Nope. None at all. Some people use it merely as a hate word to make others look bad, others are just party poopers or puritans that hate to see other folks enjoying themselves. Then there's the health nuts and "my body is my temple" new age freaks that hate drinkers as well. And, of course, there's a fair proportion of the AA membership itself that are essentially dry drunk jihadis that have a seething hatred of anything alcohol related because they can't have any themselves. As with anything else, there is no shortage of concerned do-gooders that know what's best for you and have no inhibitions about telling you.

My definition of alcoholic is this - does it affect your interpersonal relationships or ability to work ? It's pretty simple really. For some folks, 4 drinks a day can begin to take it's toll and then there's people like me that managed to drink 4 litres of box wine a day for 20 years before the cracks finally got too big. So it's a pretty broad spectrum. Trying to define it is impossible and counterproductive - it will classify some people that do need to do something as OK, and others that are perfectly fine as sick.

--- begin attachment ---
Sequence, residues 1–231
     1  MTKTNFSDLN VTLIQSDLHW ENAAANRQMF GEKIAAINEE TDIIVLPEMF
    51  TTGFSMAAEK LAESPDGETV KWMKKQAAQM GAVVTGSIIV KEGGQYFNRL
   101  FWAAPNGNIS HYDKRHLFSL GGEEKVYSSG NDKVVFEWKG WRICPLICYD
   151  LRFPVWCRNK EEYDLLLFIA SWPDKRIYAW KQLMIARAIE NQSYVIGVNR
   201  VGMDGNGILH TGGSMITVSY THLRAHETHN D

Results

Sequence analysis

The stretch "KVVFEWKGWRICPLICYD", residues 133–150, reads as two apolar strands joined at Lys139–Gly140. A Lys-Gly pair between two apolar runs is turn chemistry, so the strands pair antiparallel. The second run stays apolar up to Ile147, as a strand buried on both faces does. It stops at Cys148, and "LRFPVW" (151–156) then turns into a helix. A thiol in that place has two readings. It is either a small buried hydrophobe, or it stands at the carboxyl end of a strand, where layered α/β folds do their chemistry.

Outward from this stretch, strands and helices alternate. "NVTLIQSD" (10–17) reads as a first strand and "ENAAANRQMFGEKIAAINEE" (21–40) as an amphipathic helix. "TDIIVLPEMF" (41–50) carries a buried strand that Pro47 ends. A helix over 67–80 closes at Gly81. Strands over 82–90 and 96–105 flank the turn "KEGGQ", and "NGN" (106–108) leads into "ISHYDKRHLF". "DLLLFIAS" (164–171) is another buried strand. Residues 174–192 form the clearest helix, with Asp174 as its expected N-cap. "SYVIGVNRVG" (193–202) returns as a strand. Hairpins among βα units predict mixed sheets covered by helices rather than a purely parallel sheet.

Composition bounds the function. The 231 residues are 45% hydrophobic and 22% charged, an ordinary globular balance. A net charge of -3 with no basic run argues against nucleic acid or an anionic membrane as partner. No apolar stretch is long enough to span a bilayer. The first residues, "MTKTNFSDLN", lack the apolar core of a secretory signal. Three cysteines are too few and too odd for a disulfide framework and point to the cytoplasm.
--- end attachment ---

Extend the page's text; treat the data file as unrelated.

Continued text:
Does Smart Recovery have an opinion on whether abstinence from alcohol is the only way to deal with it?

No, nor does it care. Most people don't understand that part about SMART. SMART tries to use a systemic approach to help you reprogram your brain to avoid dependence. Quitting is not the goal - the goal is to not let yourself slide out of control by avoiding risky behaviour, changing your habit patterns and identifying pitfalls before you walk into them. It is a much more scientific approach to dependency control - it looks at the neurology and neurochemistry of addiction.